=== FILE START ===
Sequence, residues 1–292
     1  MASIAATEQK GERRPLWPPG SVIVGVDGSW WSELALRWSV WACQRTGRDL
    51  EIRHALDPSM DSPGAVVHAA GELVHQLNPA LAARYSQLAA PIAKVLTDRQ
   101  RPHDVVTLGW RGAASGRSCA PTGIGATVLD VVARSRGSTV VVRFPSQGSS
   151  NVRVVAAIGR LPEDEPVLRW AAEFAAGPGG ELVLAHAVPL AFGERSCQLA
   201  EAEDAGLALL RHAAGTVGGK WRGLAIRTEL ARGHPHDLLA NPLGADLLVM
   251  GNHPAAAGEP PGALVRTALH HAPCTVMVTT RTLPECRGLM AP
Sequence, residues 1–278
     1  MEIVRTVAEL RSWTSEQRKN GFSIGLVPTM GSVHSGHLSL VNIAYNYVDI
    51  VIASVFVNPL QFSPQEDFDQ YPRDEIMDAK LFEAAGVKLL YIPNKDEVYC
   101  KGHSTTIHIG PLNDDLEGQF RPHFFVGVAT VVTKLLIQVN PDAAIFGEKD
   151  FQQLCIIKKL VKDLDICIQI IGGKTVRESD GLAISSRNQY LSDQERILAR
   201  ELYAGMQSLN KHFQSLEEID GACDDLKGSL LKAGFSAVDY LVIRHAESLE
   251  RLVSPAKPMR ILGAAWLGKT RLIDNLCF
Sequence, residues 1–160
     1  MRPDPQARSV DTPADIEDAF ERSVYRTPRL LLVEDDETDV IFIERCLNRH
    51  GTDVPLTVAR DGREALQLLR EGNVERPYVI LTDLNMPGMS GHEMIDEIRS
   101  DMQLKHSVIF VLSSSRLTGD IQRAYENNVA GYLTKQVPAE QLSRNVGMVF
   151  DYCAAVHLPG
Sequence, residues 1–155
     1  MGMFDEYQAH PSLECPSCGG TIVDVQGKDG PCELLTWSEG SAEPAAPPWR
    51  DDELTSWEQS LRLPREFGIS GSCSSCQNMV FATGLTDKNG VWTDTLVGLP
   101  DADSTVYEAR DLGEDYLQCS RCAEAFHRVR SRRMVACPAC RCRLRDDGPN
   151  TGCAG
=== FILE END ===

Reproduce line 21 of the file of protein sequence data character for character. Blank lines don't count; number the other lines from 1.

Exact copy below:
     1  MGMFDEYQAH PSLECPSCGG TIVDVQGKDG PCELLTWSEG SAEPAAPPWR